Science, Society, and Social Research The Process and Problems of Social Research Ethics in Research Conceptualization and Measurement Sampling Causation and Experimental Design Survey Research Elementary Quantitative Data Analysis Qualitative Methods: Observing, Participating, Listening Qualitative Data Analysis Evaluation Research Reviewing, Proposing, and Reporting Research Appendix A: Finding Information Appendix B: Table of Random Numbers Appendix C: Secondary Data Sources Appendix D: How to Use a Statistical Package
Daniel F. Chambliss, PhD, is the Eugene M. Tobin Distinguished Professor of Sociology at Hamilton College in Clinton, New York, where he has taught since 1981. He received his PhD from Yale University in 1982; later that year, his thesis research received the American Sociological Association's Medical Sociology Dissertation Prize. In 1988, he published the book Champions: The Making of Olympic Swimmers, which received the Book of the Year Prize from the U.S. Olympic Committee. In 1989, he received the American Sociology Association (ASA)'s Theory Prize for work on organizational excellence based on his swimming research. Recipient of both Fulbright and Rockefeller Foundation fellowships, he published his second book, Beyond Caring: Hospitals, Nurses, and the Social Organization of Ethics, in 1996; for that work, he was awarded the ASA's Elliot Freidson Prize in Medical Sociology. In 2014, Harvard University Press published his book, How College Works, coauthored with his former student Christopher G. Takacs. His research and teaching interests include organizational analysis, higher education, social theory, and comparative research methods. Russell K. Schutt, PhD, is professor and chair of sociology at the University of Massachusetts Boston, where he received the 2007 Chancellor's Award for Distinguished Service. Since 1990, he has also been lecturer on sociology in the Department of Psychiatry (Beth Israel Deaconess Medical Center) at the Harvard Medical School. He completed his BA, MA, and PhD degrees at the University of Illinois at Chicago and was a postdoctoral fellow in the Sociology of Social Control Training Program at Yale University. In addition to eight editions of the text on which this brief edition is based, Investigating the Social World: The Process and Practice of Research, and four other coauthored versions-for the fields of social work, criminal justice, psychology, and education-his other books include Homelessness, Housing, and Mental Illness (2011), Social Neuroscience: Brain, Mind, and Society (coedited, 2015), and Organization in a Changing Environment (1986). He has authored and coauthored numerous journal articles, book chapters, and research reports on homelessness, mental health, organizations, law, and teaching research methods. His research has included a mixed-methods investigation of a public health coordinated care program, a study of community health workers and recruitment for cancer clinical trials, a mixed-methods study of a youth violence reduction program, a randomized trial of a peer support program for homeless dually diagnosed veterans, and a randomized evaluation of housing alternatives for homeless persons diagnosed with severe mental illness, with funding from the National Cancer Institute, the Veterans Health Administration, the National Institute of Mental Health, the John E. Fetzer Institute, and state agencies. His current scholarly foci are the impact of the social environment on cognitive and community functioning, the meaning of housing and service preferences, and the value of alternative organizational and occupational structures for service delivery. His prior research has also included investigation of social factors in legal decisions and admission practices and of influences on job and service satisfaction. Details are available at http://rschutt.wikispaces.umb.edu.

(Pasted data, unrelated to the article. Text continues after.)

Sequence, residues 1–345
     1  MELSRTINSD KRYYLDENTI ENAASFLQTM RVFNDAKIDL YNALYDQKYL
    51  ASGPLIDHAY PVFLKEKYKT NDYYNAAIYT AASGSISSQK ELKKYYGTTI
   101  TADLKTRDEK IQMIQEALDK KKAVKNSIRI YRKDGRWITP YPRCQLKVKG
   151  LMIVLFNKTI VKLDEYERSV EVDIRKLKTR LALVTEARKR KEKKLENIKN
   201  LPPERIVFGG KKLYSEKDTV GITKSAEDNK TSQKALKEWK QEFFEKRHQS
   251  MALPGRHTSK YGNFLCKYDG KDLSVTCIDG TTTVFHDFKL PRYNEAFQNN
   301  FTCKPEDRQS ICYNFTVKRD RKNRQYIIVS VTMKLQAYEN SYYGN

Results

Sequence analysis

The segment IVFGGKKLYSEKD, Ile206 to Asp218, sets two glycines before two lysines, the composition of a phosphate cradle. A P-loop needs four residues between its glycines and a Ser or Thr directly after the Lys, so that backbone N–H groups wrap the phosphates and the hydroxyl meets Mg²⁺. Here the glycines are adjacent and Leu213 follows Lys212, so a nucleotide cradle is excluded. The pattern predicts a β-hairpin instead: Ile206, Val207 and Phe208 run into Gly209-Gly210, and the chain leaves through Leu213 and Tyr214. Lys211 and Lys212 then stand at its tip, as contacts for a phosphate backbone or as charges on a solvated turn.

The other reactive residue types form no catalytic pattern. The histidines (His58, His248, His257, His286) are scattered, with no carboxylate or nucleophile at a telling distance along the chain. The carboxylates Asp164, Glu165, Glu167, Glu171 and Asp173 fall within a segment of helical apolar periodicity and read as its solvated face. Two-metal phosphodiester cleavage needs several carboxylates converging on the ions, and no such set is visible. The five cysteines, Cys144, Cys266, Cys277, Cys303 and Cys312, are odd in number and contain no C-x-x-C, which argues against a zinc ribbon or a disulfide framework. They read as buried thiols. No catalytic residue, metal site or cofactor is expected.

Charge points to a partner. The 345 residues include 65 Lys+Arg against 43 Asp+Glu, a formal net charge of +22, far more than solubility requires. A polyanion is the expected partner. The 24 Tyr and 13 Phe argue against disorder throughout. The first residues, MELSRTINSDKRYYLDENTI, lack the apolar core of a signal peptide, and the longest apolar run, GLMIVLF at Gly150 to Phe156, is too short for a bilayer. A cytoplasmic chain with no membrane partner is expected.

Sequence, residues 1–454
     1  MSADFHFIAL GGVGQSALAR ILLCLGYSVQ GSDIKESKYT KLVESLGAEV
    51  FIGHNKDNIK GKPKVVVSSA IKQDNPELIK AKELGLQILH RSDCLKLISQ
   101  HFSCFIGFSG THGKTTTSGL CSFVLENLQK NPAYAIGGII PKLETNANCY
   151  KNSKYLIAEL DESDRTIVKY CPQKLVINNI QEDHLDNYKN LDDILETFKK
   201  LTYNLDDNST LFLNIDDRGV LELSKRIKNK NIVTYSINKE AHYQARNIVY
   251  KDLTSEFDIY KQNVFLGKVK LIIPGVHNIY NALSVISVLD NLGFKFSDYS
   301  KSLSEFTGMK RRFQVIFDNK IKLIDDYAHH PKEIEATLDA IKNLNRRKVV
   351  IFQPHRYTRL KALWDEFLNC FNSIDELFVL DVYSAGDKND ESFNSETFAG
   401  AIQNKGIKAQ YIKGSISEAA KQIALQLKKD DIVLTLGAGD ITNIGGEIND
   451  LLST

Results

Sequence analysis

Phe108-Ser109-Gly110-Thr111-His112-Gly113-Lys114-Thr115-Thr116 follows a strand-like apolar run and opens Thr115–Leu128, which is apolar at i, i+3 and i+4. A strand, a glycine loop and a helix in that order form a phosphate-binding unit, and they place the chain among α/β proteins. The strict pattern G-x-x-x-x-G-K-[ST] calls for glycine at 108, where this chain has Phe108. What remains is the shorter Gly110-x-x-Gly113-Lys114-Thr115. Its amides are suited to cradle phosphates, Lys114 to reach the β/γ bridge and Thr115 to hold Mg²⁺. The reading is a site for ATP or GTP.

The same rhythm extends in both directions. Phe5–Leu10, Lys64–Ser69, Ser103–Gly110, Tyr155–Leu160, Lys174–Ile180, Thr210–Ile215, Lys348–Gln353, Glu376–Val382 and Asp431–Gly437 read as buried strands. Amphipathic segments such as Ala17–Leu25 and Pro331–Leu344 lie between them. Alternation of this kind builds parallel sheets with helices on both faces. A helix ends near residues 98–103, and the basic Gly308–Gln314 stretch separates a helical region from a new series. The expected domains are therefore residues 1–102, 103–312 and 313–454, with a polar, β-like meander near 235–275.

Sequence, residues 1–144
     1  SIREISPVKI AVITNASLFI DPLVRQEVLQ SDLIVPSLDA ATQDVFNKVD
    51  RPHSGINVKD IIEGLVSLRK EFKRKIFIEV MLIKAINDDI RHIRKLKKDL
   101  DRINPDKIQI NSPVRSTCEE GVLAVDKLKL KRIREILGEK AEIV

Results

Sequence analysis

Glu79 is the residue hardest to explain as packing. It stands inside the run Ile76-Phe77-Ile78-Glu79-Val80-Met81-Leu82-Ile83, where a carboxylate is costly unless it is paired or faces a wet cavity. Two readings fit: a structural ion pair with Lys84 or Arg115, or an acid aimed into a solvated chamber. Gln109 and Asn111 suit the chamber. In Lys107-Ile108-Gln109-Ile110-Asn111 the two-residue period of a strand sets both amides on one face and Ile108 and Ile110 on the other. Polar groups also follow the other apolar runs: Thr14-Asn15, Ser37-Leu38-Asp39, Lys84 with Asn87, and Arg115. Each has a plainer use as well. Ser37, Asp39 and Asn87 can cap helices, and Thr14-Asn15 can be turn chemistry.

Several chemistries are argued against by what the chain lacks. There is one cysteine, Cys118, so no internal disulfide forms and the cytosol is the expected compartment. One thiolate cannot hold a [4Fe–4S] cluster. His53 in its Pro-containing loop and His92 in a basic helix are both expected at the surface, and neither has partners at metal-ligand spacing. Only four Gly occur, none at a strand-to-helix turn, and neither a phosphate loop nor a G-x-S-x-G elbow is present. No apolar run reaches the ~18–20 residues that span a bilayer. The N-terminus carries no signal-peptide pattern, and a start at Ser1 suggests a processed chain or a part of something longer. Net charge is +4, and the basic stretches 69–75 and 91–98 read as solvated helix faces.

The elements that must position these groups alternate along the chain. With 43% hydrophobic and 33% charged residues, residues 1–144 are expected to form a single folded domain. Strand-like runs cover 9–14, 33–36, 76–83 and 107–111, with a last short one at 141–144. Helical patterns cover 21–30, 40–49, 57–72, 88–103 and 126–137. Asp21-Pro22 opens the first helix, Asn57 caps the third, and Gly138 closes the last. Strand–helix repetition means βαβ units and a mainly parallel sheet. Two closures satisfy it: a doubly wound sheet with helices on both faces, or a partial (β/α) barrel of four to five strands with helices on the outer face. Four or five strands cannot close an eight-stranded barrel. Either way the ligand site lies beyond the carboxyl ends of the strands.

"It is a worthy contribution." "It is a worthy contribution." -- Diane Pike (06/01/2007) "It is a worthy contribution." -- Diane Pike """"The strength of this text is in its brevity. In a one semester course, it is impossible to cover all the topics in a comprehensive text in any depth. I would rather my students learn the fundamentals of doing research a few topics in depth. They can then build on this knowledge, if they need to, in order to learn new types of analysis. I also like the types and varieties of exercises included in the text.""""